Recently, PUMCH received a flag of praise and gratitude from a young patient. Two months before, Liver Surgery carried on her multiple metastases resection in pancreatic neuroendocrine tumor (PNET). The operation lasted eight hours, in which 30 specimen and nearly 50 metastases were removed.
The patient, 22 year old, saw her life changed by this strange disease. A year before she started to have agitations, sleep disorders, acnes and obvious increase in weight. After visiting many hospitals the diagnosis turned out to be pancreatic functional neuroendocrine tumor and ectopic ACTH syndrome. More unexpectedly, multiple metastases also appeared in liver, covering the whole liver as images showed.
The patient ended up in our hospital, who boasts a powerful multi-disciplinary team for neuroendocrine tumors. Experts from Endocrinology, General Surgery, Liver Surgery, Medical Oncology and others pool opinions and formulate individualized therapies. After ward rounds and MDT consultations, the diagnosis was PNET with liver multiple metastases (G2, IV). The solution was somatostatin analogues and tumor removal when hypercortisolemia is addressed.
After six months of medication, the patient’s blood and urine cortisol were nearly normal and images showed stable conditions. Another MDT consultation believed that, given the patient being a young woman, utmost efforts should be made to improve her conditions and prolong her survival, and the removal of primary tumor and metastases can both improve prognosis significantly. After discussion and communication with the patient and her family, it was decided that staged operations shall be made.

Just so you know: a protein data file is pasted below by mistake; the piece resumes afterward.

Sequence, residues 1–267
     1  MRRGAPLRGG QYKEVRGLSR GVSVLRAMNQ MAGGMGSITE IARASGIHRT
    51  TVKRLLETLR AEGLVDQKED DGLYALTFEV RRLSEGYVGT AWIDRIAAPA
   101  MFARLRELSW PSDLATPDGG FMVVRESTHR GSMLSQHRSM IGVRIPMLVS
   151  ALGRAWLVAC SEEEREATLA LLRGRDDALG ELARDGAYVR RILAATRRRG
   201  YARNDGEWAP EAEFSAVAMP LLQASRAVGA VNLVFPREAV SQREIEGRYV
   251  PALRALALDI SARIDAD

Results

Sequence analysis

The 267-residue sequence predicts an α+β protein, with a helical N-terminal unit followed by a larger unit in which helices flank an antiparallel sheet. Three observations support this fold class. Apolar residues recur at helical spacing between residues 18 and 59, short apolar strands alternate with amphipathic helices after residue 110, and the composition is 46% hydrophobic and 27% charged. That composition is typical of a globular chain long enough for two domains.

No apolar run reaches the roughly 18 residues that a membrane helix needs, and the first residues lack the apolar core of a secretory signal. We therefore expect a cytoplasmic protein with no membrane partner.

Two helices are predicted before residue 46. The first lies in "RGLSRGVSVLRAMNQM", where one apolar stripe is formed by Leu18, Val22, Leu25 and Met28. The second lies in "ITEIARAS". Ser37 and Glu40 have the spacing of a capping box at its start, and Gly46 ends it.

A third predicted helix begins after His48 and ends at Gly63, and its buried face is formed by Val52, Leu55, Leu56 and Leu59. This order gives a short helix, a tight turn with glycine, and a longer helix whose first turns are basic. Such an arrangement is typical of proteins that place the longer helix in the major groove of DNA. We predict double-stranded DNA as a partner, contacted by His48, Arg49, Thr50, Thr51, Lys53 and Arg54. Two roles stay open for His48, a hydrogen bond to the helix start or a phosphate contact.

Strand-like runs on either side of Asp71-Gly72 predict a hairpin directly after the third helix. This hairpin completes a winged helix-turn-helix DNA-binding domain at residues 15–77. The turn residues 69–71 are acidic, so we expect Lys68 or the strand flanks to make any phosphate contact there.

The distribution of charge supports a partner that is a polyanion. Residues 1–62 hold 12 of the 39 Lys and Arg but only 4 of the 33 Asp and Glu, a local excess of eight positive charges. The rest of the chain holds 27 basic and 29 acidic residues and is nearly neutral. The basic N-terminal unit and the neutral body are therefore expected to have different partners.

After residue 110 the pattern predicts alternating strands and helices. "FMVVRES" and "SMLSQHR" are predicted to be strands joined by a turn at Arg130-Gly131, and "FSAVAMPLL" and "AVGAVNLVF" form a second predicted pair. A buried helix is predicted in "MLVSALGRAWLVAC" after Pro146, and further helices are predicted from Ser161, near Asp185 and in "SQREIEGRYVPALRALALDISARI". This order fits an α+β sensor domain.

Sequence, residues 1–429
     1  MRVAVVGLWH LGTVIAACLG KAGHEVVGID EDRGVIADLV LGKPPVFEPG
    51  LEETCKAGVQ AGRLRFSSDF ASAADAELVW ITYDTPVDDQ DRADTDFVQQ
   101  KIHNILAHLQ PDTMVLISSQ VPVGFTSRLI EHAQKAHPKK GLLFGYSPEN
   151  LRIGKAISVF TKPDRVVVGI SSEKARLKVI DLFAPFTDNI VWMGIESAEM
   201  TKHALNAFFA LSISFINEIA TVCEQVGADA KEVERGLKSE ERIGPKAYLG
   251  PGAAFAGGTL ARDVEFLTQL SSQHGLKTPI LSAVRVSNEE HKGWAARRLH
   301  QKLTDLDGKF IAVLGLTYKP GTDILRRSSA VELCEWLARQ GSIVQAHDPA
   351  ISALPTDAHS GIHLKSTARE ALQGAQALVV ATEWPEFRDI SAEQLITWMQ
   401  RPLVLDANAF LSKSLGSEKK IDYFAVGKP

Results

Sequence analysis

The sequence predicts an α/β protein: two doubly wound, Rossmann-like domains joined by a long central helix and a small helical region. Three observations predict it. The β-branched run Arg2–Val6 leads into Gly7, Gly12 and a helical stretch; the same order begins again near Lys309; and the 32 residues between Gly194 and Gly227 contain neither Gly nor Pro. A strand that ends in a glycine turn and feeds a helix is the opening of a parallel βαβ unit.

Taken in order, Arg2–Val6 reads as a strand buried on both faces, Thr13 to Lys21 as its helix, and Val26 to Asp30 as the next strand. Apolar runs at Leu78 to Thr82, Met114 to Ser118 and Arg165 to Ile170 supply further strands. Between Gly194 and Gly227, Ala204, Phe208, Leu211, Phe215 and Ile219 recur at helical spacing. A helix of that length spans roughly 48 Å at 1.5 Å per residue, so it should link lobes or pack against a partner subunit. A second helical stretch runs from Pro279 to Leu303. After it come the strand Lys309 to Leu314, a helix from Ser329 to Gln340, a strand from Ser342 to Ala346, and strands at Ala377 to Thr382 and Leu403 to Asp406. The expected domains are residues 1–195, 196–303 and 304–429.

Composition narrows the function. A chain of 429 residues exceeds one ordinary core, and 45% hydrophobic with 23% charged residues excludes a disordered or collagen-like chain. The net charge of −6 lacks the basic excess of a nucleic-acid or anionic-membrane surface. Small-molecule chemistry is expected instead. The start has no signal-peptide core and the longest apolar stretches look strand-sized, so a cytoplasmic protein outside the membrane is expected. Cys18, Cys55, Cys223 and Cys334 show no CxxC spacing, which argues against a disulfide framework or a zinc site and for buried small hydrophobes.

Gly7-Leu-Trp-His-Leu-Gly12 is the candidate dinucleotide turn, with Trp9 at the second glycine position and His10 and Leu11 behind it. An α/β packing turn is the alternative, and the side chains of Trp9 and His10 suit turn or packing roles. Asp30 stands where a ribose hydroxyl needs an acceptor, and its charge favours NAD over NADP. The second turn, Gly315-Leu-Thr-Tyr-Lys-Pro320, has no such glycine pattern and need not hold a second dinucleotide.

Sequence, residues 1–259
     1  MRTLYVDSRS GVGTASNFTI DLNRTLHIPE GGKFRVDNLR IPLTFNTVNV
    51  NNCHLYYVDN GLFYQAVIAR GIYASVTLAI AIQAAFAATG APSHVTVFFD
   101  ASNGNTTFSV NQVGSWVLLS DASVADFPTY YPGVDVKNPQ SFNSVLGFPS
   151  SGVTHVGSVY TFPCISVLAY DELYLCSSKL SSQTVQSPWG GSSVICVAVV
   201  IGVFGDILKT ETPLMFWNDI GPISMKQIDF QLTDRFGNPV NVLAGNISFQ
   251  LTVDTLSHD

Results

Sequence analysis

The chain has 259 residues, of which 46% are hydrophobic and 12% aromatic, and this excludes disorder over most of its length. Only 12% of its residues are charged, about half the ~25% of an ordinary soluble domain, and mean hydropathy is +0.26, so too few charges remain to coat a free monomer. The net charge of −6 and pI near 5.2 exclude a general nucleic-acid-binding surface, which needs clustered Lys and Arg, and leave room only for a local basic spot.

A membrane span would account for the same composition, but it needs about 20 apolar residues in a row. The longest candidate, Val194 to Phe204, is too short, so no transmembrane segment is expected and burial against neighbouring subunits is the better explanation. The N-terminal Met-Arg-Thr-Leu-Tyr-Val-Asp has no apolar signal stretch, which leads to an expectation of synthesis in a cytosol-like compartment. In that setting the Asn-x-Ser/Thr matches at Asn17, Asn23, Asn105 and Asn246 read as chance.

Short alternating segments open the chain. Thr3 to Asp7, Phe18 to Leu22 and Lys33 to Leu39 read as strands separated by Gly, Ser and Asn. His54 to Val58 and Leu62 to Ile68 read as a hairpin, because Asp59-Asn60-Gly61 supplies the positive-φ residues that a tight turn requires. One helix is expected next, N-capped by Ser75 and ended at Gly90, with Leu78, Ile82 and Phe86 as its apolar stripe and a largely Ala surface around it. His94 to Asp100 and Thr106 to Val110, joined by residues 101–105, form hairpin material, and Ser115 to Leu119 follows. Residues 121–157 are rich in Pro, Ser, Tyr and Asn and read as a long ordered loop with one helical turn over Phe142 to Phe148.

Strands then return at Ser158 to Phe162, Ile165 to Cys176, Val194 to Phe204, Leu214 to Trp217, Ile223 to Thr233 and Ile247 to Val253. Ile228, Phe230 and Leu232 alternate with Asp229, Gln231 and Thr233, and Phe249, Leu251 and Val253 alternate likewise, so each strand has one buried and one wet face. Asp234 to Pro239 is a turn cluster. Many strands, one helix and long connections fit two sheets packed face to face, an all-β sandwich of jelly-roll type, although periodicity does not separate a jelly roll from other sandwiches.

On January 2, 2019, the pancreatic team led by Associate Professor Han Xianlin from General Surgery carried out laparoscopic distal pancreatectomy, which was a success and recovery was good. On January 25, removal of multiple metastases was made. In the operation, multiple hard tumors were discovered all over the liver, most of them in the liver parenchyma near the surface, especially hepatic left lateral lobe, and the rest scattered elsewhere. Associate Professor Du Shunda and Attending Surgeon Wan Xueshuai carefully removed each metastasis, and destroyed those in the depth with radiofrequency ablation, trying to preserve the healthy parts as much as possible. The operation lasted eight hours, in which 30 specimen and nearly 50 metastases were removed. Under the support of anesthesiologists and nurses, the patient remained in stable conditions. Seven days after the operation she was discharged.
So far, consensus has been basically reached that for NET liver metastases (G1/G2), if conditions permit, complete removal of primary tumor and metastases, or even over 70% tumor reduction on liver, will improve prognosis. On treating NET, PUMCH has a powerful MDT system. Liver Surgery, as part of it, has rich experience in liver metastases and is helping more and more patients.
MRI shows liver multiple metastases.